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Home :: Archive :: 1997 :: October ::
Re: Two Questions; Pronunciation
The Shakespeare Conference: SHK 8.0985.  Wednesday, 1 October 1997.

[1]     From:   Kenneth Meaney <
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        Date:   Tuesday, 30 Sep 1997 16:36:11 +0200
        Subj:   Re: SHK 8.0974   Two Questions

[2]     From:   Larry Schwartz <
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        Date:   Tuesday, 30 Sep 1997 09:11:17 -0500 (CDT)
        Subj:   Re: SHK 8.0975  Re: Two Questions; Pronunciation

[3]     From:   Roger Gross <
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        Date:   Tuesday, 30 Sep 1997 09:37:59 -0500 (CDT)
        Subj:   Re: SHK 8.0975  Re: feminine endings


[1]-----------------------------------------------------------------
From:           Kenneth Meaney <
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Date:           Tuesday, 30 Sep 1997 16:36:11 +0200
Subject: 8.0974   Two Questions
Comment:        Re: SHK 8.0974   Two Questions

>(1) Can someone please direct me to a good book on
>early modern pronunciation? I'm trying to follow up on a suggestion that
>Shakespeare's "nothing" would have sounded not much different from
>"noting."

I suggest the chapter on phonology in Charles Barber's _Early Modern
English_ (1976).

The notion of a pun on "nothing" and "noting" is, I think, a kite that
won't fly. "Nothing" is, etymologically, "no" + "thing" and the initial
consonant in "thing" has been a fricative since Anglo-Saxon times. It
seems inconceivable that it would have enjoyed a brief interval as a
stop in the early modern period and I know of no evidence for such a
pronunciation.  It is true that some words _written_ with a "th" were
pronounced with a stop - Barber cites words like "author" and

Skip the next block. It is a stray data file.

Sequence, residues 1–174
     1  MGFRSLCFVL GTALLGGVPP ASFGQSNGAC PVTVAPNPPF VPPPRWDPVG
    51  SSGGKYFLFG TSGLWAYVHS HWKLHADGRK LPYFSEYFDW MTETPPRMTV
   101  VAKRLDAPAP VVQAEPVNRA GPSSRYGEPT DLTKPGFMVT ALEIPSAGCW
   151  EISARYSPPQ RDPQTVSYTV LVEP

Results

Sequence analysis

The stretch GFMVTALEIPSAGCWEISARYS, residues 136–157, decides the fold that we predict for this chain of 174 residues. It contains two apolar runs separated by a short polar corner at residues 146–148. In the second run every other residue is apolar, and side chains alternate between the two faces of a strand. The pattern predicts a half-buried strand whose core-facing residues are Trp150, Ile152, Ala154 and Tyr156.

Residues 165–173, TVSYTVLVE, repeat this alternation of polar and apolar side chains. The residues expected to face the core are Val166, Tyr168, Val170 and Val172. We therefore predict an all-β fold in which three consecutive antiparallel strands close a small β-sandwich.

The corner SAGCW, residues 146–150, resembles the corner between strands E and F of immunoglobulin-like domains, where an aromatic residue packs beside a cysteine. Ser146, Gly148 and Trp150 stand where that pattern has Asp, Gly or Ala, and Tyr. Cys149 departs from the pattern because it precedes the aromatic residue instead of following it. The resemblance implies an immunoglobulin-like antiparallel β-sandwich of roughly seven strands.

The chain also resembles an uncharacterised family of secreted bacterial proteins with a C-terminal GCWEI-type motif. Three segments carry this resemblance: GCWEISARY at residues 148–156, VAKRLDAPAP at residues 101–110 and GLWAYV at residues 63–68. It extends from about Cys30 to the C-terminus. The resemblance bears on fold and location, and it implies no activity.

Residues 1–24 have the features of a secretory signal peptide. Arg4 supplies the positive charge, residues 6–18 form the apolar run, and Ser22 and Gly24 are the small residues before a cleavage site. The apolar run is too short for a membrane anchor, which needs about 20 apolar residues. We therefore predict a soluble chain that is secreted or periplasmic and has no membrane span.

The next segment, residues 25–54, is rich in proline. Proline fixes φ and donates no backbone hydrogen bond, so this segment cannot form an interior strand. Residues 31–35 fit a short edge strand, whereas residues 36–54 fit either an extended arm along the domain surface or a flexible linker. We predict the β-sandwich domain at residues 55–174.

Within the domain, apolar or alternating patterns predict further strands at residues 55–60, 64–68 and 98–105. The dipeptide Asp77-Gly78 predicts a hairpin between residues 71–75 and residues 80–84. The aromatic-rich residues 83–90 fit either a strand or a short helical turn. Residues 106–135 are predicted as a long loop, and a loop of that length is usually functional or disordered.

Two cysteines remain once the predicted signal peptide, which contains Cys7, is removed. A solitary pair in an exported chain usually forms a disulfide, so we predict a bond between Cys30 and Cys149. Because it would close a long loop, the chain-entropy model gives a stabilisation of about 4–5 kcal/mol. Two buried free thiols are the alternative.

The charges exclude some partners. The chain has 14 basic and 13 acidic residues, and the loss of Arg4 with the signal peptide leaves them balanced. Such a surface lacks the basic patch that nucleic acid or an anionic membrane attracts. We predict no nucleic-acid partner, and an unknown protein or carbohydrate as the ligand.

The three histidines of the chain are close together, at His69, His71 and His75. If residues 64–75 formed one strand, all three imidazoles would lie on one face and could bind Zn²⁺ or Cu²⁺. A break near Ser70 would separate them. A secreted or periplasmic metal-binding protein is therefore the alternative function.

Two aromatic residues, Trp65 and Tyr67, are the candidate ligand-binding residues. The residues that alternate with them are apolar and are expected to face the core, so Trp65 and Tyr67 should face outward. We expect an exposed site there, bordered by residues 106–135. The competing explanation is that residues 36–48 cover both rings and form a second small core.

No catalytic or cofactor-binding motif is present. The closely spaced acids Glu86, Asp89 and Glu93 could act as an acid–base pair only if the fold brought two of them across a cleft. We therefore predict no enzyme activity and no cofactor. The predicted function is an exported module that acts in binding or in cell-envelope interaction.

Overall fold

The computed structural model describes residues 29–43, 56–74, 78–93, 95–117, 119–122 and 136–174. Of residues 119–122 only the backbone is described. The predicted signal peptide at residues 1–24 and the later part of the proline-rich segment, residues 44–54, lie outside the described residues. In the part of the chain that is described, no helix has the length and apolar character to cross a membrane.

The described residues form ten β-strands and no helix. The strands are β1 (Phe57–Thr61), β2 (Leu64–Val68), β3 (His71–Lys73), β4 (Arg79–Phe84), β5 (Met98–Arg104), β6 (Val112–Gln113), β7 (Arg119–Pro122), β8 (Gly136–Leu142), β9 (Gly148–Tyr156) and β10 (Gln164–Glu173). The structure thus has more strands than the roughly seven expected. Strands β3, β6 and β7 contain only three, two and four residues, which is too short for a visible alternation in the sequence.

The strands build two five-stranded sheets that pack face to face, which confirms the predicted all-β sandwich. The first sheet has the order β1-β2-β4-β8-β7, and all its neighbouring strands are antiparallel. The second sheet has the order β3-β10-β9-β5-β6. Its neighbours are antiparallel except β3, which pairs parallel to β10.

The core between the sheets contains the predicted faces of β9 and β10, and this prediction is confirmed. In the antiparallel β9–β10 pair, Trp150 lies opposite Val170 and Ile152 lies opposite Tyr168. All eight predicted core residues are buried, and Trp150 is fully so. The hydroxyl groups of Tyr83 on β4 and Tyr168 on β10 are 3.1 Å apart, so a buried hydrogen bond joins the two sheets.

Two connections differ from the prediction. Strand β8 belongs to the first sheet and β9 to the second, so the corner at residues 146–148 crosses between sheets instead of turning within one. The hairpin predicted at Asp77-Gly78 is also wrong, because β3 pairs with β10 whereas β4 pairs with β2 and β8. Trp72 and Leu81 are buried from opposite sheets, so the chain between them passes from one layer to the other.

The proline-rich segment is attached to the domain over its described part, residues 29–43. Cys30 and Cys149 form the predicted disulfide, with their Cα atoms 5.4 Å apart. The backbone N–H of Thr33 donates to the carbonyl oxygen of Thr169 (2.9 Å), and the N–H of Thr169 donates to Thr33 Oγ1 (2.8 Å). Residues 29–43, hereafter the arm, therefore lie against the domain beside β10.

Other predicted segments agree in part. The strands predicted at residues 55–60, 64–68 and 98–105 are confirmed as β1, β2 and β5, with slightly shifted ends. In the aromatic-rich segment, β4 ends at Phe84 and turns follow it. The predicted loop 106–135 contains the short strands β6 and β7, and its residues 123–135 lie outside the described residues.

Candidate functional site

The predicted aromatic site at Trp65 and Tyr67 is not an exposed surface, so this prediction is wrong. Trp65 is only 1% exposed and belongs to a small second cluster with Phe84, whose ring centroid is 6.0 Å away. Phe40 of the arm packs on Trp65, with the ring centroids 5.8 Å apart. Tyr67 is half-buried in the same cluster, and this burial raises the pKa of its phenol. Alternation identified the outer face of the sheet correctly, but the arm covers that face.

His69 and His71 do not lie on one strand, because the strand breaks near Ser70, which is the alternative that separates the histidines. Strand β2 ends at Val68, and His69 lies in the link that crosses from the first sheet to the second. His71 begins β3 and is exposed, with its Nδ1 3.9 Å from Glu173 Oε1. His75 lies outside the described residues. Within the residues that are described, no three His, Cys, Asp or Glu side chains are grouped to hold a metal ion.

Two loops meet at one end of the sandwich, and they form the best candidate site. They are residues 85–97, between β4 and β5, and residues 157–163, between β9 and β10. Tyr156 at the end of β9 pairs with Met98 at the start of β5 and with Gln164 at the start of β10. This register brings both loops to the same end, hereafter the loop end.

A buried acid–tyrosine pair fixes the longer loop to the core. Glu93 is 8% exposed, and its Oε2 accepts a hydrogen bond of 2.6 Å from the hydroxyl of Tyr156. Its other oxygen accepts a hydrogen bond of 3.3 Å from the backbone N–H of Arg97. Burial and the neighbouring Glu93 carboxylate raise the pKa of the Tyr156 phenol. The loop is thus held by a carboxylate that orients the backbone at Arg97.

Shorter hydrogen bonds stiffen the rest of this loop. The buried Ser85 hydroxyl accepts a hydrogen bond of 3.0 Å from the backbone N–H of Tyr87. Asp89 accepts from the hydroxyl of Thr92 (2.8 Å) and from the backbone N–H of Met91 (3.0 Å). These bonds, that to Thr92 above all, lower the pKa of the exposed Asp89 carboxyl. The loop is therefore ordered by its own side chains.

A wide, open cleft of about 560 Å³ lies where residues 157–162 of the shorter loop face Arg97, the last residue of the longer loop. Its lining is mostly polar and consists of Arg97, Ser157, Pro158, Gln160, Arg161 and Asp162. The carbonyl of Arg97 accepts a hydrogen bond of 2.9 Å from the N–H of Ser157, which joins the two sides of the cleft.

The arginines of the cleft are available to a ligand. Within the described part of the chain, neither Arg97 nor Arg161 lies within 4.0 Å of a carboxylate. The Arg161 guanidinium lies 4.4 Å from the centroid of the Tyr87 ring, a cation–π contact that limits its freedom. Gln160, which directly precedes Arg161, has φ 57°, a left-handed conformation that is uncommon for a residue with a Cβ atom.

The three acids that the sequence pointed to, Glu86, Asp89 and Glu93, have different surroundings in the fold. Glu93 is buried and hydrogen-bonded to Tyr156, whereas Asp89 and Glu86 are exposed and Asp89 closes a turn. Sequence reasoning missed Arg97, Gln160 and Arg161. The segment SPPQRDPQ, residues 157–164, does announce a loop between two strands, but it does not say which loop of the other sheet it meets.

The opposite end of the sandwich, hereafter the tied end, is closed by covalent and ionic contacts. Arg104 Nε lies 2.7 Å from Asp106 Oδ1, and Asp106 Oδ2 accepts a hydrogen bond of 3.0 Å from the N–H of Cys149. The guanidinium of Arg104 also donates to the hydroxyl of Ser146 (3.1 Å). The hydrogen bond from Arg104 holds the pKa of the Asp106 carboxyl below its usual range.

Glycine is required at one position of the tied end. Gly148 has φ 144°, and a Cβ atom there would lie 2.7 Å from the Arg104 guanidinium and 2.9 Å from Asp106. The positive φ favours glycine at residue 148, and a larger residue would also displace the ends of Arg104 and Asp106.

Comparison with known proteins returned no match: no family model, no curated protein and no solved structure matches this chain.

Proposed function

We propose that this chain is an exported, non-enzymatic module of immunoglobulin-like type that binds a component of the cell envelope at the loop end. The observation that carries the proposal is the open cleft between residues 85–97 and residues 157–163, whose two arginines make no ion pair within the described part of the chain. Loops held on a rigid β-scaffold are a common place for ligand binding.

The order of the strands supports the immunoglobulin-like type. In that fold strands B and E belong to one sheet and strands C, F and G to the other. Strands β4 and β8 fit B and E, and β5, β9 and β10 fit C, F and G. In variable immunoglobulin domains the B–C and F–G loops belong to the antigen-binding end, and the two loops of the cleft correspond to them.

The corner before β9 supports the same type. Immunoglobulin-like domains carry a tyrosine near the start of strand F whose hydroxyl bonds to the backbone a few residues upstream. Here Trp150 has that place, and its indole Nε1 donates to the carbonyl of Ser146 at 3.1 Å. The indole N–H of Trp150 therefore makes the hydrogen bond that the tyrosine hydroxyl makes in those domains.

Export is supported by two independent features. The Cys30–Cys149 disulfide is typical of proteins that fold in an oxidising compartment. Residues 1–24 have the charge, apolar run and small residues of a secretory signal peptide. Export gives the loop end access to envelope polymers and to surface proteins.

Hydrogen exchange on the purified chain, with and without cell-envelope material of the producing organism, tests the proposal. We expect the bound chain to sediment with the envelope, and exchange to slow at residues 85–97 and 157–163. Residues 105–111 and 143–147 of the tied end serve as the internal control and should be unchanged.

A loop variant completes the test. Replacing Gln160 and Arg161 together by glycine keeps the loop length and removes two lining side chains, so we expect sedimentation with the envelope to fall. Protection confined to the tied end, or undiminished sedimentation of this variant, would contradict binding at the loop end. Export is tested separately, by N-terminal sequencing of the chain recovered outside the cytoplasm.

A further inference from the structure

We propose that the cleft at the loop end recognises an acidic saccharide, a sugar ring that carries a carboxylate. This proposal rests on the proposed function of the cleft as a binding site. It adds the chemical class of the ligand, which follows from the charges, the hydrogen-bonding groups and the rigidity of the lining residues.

"authority" - but these were borrowed from French in the Middle English
period, and originally pronounced as in French.

Ken Meaney

[2]-----------------------------------------------------------------
From:           Larry Schwartz <
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Date:           Tuesday, 30 Sep 1997 09:11:17 -0500 (CDT)
Subject: 8.0975  Re: Two Questions; Pronunciation
Comment:        Re: SHK 8.0975  Re: Two Questions; Pronunciation

Mention was made of a title by Gert Ronberg.  The title, according to an
online version of Books In Print, follows:

       Author: Ronberg, Gert
        Title: A Way with Words The Language of English Renaissance
Literature
    Publisher: New York : Routledge, Chapman & Hall, Incorporated, Sept.
1992
 ISBN/Details: 0340493070;Trade Paper USD 14.95 R Active Record
    Keywords:  ENGLISH LITERATURE--HISTORY AND CRITICISM--EARLY MODERN,
1500-1700
    Keywords:  LITERATURE--HISTORY, CRITICISM AND SURVEYS
    Keywords:  RENAISSANCE--ENGLAND
    Keywords:  RHETORIC--1500-1800
    Keywords:  ENGLISH LANGUAGE--EARLY MODERN, 1500-1700

In my business, a correct citation is EVERYTHING.  ls.

[3]-----------------------------------------------------------------
From:           Roger Gross <
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Date:           Tuesday, 30 Sep 1997 09:37:59 -0500 (CDT)
Subject: 8.0975  Re: feminine endings
Comment:        Re: SHK 8.0975  Re: feminine endings

Please don't believe anything as simple as that feminine endings mean
lying.  Or mean any one thing.  Or any ten things.

The one reasonable generalization is that feminine endings are
meaningful.  What they mean depends on the dramatic context.

Roger Gross
U. Arkansas
 

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